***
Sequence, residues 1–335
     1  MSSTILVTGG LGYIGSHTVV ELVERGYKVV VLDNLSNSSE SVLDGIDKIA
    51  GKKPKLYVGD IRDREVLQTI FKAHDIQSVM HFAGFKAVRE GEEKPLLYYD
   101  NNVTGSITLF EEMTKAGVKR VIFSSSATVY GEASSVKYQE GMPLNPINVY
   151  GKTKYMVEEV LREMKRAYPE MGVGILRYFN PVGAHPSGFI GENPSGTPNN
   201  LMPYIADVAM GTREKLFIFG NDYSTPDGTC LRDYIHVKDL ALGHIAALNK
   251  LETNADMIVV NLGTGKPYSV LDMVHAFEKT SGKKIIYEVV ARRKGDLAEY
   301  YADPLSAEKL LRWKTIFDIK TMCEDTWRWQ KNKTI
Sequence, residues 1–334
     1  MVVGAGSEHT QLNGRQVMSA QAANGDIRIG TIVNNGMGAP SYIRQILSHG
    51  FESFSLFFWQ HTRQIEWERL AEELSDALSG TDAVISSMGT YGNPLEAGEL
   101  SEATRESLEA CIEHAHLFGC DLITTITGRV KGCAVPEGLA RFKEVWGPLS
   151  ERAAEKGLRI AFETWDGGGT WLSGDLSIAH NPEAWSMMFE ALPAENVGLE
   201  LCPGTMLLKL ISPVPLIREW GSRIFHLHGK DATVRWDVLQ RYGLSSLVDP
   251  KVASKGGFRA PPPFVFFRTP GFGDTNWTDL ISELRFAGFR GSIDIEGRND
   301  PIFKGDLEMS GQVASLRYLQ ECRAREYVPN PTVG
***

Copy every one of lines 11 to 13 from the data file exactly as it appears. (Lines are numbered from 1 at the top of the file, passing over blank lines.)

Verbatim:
    51  FESFSLFFWQ HTRQIEWERL AEELSDALSG TDAVISSMGT YGNPLEAGEL
   101  SEATRESLEA CIEHAHLFGC DLITTITGRV KGCAVPEGLA RFKEVWGPLS
   151  ERAAEKGLRI AFETWDGGGT WLSGDLSIAH NPEAWSMMFE ALPAENVGLE